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The Anatomy of a Tooth

Most of us, if asked if we know what a tooth is, would answer, “Of course!” But what really makes up the anatomy of your teeth? The intricacy and complexity of a tooth, from its outer enamel to its innermost nerve tissue, might just surprise you! Let’s the a look at the three layers of a tooth and the roles they play in keeping you chewing and smiling like a champ.

Enamel

When someone complements you on your “beautiful teeth,” they’re commenting on the part they can see — the hard, porcelain-like substance called enamel. Enamel covers the portion of the tooth that sits above the gum line, providing the jagged edges that make for viable chewing surfaces while also protecting the softer inner parts of the tooth from harm. While tooth enamel appears solid to the casual observer, it’s actually honeycombed with lots of tiny pores. These pores are a natural result of the way calcium and phosphorus come together to form a crystalline structure. The porous enamel can also trap coloring agents from food and drinks — a leading reason that teeth become discolored and might require whitening.

Dentin

If the enamel protects your tooth, what lies beneath it? This next layer, which actually comprises most of the tooth’s volume, is known as dentin. Dentin is kind of yellowish in color and bears a passing resemblance to bone, but it’s not as hard as the enamel that covers it. Besides giving the tooth its primary shape, the dentin acts as a kind of early warning system when trouble strikes, because it contains nerve endings that react when disease, injury or decay breach the protective enamel layer. While no one enjoys dental pain, this variety at least compels you to pick up the phone and make that dental appointment before the symptoms get worse!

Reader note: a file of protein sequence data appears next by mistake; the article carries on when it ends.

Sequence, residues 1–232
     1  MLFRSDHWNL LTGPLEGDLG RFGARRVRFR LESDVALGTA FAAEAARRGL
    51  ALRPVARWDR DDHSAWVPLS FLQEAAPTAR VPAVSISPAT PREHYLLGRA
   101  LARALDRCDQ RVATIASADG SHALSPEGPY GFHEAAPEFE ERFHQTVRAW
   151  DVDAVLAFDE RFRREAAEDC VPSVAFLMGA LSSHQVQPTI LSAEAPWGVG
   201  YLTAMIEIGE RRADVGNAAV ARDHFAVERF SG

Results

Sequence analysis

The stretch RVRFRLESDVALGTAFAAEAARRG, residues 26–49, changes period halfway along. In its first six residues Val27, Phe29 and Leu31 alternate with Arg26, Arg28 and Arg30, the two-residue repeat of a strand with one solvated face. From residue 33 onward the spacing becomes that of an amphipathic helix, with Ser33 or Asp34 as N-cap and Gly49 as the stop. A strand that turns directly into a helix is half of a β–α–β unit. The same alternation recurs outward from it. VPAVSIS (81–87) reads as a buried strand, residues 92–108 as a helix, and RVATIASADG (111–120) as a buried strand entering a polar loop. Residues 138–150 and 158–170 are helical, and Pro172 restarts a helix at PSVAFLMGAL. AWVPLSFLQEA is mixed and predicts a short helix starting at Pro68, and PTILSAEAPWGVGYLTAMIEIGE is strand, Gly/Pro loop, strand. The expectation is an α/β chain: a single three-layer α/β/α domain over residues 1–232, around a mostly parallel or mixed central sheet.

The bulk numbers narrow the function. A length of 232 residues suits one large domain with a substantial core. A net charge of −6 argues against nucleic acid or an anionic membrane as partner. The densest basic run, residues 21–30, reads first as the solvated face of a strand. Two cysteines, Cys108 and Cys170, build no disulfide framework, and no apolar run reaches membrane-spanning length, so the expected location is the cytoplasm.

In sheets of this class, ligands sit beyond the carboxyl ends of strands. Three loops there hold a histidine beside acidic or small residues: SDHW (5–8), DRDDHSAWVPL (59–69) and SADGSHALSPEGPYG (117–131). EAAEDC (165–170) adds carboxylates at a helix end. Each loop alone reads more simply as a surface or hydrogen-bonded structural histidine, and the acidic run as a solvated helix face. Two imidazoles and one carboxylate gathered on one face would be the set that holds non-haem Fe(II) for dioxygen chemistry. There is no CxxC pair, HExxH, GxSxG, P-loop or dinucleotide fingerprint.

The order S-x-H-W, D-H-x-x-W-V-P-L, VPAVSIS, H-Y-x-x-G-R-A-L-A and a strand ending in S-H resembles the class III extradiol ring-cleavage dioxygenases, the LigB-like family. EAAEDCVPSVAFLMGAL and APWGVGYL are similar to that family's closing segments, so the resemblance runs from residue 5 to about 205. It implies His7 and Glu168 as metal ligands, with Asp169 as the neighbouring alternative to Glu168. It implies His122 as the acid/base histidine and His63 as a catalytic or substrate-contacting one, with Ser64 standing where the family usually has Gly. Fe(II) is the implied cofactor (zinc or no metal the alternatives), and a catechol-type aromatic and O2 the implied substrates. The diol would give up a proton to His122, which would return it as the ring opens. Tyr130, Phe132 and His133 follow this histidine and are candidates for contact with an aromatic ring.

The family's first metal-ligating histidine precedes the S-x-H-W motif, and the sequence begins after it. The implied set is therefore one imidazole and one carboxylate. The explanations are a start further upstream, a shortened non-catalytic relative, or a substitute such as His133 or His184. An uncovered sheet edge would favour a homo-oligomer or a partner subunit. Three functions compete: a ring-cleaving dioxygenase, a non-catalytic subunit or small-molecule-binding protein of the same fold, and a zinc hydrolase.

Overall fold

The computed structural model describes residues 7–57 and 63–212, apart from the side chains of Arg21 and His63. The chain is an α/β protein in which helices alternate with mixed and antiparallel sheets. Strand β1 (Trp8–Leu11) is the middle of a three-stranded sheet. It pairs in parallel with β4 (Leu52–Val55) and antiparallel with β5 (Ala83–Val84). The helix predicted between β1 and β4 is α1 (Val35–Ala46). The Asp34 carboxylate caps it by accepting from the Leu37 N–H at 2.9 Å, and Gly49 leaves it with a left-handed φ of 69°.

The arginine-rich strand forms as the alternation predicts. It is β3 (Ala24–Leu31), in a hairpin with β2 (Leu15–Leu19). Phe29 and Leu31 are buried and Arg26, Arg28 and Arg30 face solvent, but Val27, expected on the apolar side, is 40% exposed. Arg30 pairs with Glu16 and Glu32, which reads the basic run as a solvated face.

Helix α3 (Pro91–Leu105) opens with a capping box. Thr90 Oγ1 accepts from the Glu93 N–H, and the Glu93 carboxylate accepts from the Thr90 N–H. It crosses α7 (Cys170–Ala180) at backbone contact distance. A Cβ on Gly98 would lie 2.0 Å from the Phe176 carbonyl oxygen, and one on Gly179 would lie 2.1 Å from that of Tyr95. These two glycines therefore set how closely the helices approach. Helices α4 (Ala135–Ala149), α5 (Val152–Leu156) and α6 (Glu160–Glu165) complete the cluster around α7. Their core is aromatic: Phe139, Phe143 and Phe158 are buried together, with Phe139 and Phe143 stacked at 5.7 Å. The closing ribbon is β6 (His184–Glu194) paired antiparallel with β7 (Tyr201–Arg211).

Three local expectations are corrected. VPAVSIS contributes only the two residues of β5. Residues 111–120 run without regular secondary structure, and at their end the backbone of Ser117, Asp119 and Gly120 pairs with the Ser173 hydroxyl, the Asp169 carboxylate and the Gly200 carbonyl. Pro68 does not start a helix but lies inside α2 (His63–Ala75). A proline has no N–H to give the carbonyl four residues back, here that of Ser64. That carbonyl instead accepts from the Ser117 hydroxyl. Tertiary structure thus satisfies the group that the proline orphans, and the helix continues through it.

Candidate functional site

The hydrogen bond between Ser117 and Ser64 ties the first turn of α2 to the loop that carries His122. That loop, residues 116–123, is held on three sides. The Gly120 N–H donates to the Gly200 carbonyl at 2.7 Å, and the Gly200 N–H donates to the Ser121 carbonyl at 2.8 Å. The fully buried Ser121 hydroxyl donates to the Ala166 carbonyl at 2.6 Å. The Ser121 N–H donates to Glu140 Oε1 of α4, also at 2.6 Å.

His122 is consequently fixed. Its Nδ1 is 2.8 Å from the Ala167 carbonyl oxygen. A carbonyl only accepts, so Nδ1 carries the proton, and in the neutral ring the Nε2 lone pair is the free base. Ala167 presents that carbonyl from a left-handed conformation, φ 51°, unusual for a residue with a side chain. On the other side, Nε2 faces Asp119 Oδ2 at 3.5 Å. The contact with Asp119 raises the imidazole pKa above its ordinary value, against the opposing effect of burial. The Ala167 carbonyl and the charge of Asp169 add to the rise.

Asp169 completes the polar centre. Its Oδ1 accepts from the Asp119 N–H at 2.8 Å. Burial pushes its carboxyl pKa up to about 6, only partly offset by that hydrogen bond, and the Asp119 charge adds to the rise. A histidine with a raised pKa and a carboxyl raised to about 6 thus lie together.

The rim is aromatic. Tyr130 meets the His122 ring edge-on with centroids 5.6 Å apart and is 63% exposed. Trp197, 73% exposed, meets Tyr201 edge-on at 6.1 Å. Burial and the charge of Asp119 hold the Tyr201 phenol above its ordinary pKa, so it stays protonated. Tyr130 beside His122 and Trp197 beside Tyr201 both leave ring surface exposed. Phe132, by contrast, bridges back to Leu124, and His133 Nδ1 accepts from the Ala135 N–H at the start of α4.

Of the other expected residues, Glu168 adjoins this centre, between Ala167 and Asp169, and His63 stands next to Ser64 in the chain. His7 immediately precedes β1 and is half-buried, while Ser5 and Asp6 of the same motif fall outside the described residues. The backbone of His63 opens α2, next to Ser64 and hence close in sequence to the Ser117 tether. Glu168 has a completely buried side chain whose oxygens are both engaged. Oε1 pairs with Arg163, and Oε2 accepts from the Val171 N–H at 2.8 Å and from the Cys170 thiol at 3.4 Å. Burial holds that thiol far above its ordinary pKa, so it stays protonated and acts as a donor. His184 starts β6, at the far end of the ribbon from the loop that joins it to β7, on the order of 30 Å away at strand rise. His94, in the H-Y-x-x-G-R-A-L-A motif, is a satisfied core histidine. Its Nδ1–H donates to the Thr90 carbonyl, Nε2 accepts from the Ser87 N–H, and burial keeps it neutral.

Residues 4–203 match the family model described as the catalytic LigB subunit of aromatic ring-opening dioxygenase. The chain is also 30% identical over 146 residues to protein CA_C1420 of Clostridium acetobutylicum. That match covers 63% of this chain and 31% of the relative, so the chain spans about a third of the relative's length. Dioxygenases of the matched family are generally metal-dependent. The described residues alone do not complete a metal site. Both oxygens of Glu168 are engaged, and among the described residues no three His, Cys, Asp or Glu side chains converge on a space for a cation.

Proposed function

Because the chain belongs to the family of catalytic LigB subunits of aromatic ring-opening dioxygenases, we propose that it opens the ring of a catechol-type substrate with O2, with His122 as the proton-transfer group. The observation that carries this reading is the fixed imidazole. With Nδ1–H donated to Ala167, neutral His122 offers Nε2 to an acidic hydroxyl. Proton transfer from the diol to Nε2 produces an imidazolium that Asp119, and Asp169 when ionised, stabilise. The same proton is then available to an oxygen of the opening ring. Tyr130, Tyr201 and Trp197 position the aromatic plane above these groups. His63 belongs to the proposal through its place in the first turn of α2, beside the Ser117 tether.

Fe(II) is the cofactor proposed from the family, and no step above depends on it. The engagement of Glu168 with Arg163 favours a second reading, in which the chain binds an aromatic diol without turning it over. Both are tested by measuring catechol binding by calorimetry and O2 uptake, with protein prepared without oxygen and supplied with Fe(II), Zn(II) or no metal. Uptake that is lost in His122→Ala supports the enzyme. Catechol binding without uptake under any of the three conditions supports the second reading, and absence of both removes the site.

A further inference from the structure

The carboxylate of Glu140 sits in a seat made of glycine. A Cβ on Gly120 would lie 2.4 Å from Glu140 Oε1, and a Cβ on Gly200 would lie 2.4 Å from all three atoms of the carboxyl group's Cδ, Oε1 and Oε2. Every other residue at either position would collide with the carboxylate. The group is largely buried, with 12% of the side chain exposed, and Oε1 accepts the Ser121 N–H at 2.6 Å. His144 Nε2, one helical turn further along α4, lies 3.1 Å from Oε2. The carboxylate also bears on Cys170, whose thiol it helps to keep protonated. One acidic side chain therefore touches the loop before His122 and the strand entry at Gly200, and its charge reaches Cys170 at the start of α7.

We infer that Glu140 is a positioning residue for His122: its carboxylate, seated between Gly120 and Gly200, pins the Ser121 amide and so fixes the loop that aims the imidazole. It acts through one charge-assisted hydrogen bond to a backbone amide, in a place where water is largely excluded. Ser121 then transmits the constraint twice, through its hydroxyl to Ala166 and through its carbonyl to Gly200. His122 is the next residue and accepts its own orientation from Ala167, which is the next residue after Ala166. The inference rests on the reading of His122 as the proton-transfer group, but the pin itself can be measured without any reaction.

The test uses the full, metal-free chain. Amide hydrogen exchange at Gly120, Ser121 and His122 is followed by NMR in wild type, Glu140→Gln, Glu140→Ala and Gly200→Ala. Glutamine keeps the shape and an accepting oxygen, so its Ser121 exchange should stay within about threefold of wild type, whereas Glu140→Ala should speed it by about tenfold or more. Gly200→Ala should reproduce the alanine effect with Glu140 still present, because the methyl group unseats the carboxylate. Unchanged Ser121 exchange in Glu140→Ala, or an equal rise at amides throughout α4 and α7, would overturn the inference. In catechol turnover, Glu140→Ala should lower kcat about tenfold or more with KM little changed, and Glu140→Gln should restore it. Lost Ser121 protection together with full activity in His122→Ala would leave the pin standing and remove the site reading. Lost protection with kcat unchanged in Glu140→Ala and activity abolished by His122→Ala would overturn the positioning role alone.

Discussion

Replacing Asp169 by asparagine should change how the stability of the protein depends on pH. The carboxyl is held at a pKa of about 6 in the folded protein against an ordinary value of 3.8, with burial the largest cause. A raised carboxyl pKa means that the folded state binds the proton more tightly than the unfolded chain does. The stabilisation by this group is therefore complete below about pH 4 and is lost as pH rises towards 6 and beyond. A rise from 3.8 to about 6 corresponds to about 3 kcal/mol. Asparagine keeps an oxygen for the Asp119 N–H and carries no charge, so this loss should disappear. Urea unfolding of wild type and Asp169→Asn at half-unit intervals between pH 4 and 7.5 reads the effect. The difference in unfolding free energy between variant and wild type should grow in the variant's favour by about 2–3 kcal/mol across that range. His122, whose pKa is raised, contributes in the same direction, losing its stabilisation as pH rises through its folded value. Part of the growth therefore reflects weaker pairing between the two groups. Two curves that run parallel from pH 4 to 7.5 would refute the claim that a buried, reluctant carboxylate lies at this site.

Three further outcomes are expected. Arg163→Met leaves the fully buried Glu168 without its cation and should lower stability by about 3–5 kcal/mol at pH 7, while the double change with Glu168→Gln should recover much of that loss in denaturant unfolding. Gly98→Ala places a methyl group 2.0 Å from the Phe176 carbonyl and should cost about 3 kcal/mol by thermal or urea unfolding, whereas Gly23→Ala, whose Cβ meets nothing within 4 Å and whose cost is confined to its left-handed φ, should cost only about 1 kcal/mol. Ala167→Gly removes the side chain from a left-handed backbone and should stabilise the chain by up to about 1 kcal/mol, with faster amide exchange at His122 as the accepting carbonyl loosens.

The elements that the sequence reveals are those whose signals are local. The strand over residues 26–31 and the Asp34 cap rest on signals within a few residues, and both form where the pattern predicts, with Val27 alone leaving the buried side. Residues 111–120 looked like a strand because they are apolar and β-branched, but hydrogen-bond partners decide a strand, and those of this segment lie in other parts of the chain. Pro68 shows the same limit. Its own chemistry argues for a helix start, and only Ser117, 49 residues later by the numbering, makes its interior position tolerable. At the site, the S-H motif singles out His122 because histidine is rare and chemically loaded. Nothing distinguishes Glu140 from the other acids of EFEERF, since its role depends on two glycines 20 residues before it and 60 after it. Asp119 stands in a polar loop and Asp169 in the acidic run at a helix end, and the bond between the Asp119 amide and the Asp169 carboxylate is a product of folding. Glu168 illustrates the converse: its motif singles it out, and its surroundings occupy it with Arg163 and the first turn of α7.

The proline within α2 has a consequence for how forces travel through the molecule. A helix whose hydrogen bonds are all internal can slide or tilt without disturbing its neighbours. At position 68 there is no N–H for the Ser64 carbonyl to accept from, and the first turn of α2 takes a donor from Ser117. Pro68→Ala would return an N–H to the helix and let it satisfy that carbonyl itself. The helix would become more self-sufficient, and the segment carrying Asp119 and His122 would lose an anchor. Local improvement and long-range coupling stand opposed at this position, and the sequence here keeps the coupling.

Pulp

The dentin protects the final and most sensitive layer of the tooth, the pulp. This central substance, which extends all the way down into the roots, is made up of nerve tissue and fed by blood vessels and lymphatic vessels. It serves as the blood supply for the tooth; if the pulp dies or is removed, as in the case of a root canal procedure, the tooth may remain securely in place but it’s no longer actually alive. The pulp’s nerve tissue relays signals to and from the brain — including, of course, pain. Infection, decay, or other types of damage to the pulp will definitely make you sit up and take notice!

As you can see, each layer of your teeth performs a different purpose, but with a common goal: to keep your teeth alive, well, and strong. Modern dentistry supports that goal by keeping the enamel clean and free of decay while treating problems that threaten the dentin or pulp. Proper care can keep all three layers of your teeth doing their jobs properly for many years to come!